Connecticut Protesters Demand New Haven Police Be ‘Defunded’

Protesters rally Wednesday, June 3, 2020, in Phoenix, demanding that the Phoenix City Council defund the Phoenix Police Department. The protest is a result of the death of George Floyd, a black man who died after being restrained by Minneapolis police officers on May 25. (AP Photo/Matt York) defund the …
AP Photo/Matt York

Protesters in New Haven, Connecticut, Friday demanded the state defund the city’s police force and the money be redirected to city schools and affordable housing.

“We want the police to be defunded, that’s the goal,” said Benie Nsumbu, a member of Citywide Youth Coalition, reported the Hartford Courant.

The group led a march and rally, along with local Black Lives Matter and other groups, to protest the death of George Floyd at the hands of police in Minneapolis on Memorial Day.

The demonstration reportedly drew a crowd of about 1,000 people and ultimately headed to the police station.

“We want to them start defunding and putting money back into the community,” Nsumbu continued. “If money is put back into our communities then we can actually nurture them and give them the resources that they need to not resort to crime. Because that’s where crime starts from, it starts from poverty. And our communities are in poverty.”

Demonstration leaders specifically demanded cutting the police’s budget by $33 million and redirecting the funds to city schools. Additionally, they demanded police pensions be cut and that money given to affordable housing projects.

According to the New Haven Independent, protesters also demanded:

  • That the city end the “triple occupation” of New Haven currently performed by city police, Hamden police, and Yale police.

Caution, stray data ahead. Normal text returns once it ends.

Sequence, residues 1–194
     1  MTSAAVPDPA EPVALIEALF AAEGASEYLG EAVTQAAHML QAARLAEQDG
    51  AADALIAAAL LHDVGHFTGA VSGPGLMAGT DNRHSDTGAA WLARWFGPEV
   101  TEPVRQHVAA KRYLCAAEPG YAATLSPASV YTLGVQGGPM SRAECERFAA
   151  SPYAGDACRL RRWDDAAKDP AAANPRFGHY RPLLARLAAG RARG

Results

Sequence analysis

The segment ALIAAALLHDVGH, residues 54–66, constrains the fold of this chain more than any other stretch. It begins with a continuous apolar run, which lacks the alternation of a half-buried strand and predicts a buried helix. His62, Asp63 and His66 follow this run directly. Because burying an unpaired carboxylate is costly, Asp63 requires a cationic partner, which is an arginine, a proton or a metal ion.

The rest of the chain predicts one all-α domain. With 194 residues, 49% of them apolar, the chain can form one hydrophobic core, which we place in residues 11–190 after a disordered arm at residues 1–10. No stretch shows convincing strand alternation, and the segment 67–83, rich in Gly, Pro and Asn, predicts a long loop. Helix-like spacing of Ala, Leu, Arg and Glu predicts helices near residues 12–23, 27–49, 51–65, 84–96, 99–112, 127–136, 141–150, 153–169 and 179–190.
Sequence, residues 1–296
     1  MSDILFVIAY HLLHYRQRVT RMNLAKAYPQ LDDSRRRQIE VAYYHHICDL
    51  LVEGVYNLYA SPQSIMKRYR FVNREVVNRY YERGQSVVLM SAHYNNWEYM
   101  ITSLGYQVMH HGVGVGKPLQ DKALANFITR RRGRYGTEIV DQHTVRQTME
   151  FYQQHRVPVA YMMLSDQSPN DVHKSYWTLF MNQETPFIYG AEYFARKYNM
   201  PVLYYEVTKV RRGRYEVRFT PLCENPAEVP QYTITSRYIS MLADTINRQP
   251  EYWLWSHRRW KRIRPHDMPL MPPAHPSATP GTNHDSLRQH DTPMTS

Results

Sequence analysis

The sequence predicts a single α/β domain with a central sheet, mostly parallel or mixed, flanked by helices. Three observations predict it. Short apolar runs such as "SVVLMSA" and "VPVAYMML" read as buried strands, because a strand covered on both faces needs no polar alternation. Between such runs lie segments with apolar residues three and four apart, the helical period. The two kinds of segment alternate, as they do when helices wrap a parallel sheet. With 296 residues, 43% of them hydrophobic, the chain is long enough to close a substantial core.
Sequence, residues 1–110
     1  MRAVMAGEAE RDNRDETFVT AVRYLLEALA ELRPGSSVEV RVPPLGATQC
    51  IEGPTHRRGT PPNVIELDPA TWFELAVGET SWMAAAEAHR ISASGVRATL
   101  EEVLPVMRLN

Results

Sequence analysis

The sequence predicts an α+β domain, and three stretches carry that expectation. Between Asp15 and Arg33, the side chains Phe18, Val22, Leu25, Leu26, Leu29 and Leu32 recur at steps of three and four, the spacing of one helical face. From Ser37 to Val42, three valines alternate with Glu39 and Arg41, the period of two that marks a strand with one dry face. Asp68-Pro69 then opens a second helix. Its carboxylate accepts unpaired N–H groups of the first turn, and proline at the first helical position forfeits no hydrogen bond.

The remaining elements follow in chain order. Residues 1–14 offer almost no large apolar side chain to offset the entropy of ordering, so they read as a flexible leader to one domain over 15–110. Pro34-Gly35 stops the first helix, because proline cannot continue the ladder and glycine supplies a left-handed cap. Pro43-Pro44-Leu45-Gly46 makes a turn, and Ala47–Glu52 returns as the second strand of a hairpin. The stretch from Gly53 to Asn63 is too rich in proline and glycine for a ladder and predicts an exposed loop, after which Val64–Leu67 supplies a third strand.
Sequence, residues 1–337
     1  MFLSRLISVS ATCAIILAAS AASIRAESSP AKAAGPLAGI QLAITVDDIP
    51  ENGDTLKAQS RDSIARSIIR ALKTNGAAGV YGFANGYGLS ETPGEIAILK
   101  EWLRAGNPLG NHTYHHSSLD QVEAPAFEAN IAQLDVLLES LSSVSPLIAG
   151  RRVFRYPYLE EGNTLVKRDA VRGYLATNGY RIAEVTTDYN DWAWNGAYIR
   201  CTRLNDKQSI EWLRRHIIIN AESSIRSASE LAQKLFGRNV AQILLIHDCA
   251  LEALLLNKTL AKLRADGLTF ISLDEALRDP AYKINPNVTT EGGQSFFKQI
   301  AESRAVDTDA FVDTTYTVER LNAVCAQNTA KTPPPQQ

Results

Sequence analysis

• That the Board of Alders “stop being complacent in entering more Yale Police Department Police officers into the New Haven community.”
  • That every officer in the state of Connecticut that has been involved in the killing or beating of a civilian be prosecuted “with the full weight of the law.”
  • That the people who are appointed to the Civilian Review Board “are viable people elected by the community.”
  • And the “immediate end to police brutality within our city, state, and country.”

The protesters chanted, “Money for schools, not the police,” as they marched.

Several New Haven police department leaders stood as the protesters reached the station and made their demands.

In East Haven, however, the Courant reported a more intense confrontation between protesters and police over the department’s relationship with Latinos, one that “ended with top police officials and officers on hand taking a knee with protesters in solidarity over their disapproval of the death of George Floyd.”

East Haven Police Chief Ed Lennon said the department was hoping to make some changes.


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